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Big No-No’s for New Home Owners

Angie Shipe December 12, 2013 0

Your home research duties as a home owner does not stop the moment you ink an agreement with the realtor for the purchase of your new home. According to residential builder and House Logic contributor John Riha, there’s a steep learning curve when it comes to homeownership– but there are just some mistakes that you need to know about from the start, and avoid like the plague. Found below are just some of them:

  • Not looking for the main water shutoff valve

Riha lists this first on its list of top mistakes most new home owners commit. Know the water command center of your house: the main water shutoff valve. Broken plumbing has the potential to flood the insides of your home, and before you know it, everything you invested has literally and figuratively gone down the drain.

As they say, prevention is always better than the cure. If you know where to find the shutoff valve quick, and if household members know where it’s located, then you can stop the water flow immediately in the event of plumbing failures.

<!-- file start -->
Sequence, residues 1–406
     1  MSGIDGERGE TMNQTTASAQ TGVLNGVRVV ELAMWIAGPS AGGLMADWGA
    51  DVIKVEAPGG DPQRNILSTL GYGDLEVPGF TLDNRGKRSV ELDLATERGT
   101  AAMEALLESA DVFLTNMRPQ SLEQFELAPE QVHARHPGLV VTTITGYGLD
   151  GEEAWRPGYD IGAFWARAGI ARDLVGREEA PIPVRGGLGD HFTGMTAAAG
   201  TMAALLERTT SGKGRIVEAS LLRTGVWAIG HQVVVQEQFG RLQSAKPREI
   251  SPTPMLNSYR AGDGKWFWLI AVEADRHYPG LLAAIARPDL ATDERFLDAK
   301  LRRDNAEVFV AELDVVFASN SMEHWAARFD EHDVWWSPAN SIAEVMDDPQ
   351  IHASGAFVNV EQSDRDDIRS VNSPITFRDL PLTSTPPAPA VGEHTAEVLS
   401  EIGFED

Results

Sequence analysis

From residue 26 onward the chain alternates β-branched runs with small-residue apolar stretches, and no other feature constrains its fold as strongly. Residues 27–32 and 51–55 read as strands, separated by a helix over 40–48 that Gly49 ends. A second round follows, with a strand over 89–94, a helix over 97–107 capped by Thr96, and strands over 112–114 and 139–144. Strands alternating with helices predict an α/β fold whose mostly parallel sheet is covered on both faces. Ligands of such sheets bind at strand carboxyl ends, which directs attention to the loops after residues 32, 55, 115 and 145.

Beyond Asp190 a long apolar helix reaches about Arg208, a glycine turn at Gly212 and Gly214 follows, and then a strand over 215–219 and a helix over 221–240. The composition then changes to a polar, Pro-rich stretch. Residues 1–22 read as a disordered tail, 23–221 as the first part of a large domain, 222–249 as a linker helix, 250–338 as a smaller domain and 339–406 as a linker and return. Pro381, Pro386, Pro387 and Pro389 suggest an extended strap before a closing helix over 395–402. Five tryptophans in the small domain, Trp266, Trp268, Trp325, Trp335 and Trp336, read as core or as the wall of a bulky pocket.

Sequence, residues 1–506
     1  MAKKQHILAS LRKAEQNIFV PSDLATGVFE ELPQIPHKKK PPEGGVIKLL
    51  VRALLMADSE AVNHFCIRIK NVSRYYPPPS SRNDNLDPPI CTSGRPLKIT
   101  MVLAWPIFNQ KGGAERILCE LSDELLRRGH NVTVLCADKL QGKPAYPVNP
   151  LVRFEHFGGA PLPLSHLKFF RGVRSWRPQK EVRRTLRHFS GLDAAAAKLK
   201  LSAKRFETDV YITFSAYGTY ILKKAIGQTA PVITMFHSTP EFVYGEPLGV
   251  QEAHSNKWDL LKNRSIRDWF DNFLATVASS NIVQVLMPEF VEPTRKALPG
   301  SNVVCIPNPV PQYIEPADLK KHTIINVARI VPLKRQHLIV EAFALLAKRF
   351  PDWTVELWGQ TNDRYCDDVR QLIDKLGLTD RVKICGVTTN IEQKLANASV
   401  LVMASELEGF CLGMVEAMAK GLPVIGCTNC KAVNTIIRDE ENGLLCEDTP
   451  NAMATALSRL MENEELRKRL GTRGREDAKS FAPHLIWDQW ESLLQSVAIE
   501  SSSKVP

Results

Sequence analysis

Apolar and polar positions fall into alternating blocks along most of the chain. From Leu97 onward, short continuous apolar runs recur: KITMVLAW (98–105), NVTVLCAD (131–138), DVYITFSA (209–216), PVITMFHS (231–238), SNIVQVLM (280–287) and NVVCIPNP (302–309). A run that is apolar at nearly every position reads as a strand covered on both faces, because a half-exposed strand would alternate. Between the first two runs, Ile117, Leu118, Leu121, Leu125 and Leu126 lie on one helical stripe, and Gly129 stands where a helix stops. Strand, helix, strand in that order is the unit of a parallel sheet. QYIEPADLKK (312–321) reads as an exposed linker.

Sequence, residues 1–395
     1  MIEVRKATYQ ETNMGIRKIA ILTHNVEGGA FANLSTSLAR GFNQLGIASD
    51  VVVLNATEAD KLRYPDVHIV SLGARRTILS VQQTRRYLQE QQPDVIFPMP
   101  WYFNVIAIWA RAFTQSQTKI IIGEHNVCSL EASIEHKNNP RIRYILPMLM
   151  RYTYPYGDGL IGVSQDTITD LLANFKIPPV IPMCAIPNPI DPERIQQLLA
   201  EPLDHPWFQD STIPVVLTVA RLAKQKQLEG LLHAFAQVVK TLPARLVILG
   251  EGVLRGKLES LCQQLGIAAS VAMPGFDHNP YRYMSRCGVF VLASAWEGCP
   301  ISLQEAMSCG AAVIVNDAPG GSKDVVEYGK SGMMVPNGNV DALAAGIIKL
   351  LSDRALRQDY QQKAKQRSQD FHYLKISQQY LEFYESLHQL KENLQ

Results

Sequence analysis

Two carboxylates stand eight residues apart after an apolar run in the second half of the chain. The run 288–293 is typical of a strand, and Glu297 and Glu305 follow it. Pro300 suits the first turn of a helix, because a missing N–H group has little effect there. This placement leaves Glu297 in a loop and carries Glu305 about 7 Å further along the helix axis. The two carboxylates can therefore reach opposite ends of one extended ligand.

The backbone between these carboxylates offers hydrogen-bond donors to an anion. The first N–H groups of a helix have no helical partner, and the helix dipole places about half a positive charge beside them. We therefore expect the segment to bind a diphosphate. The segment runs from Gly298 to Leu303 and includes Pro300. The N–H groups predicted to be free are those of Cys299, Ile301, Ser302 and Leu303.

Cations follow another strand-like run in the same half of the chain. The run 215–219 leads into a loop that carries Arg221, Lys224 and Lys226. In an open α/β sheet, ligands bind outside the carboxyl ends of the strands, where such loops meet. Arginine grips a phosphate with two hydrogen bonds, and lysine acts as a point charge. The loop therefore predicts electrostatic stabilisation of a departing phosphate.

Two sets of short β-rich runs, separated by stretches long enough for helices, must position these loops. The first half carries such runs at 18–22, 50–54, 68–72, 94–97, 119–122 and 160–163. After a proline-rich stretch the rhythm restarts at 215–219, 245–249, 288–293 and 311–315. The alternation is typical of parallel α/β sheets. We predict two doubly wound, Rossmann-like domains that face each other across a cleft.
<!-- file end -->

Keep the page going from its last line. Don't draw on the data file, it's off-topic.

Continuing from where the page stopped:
• Not ringing 811 dog digging a hole

Riha recommends calling 811, the country’s dig safely hotline, before you start digging any holes around the house. Just leave it to the 811 to do the ground (pun intended) research for you. According to the 811 official website, when you call 811, your call will be transferred to the local One Call Center where you will speak with an operator about the details of your digging activities (i.e. type of digging work and digging site). The company will then contact the local utilities companies concerned, which in turn will send a representative to mark digging spots around your home that you need to avoid.

  • Not Checking the Slope of your Home’s Foundation

Water damage is the top reason for foundational deterioration. A rule of thumb is to have the foundation of your home to slope away between 6 inches and 10 feet from the structure. This will make sure that the soil around your foundation drains properly from rain and other forms of moisture. Otherwise, you could risk prematurely destroying the foundation of your house just years after moving into your new home. The Environmental Protection Agency offers tips on how to ensure foundational drainage and moisture control at foundations, basements and crawl spaces.

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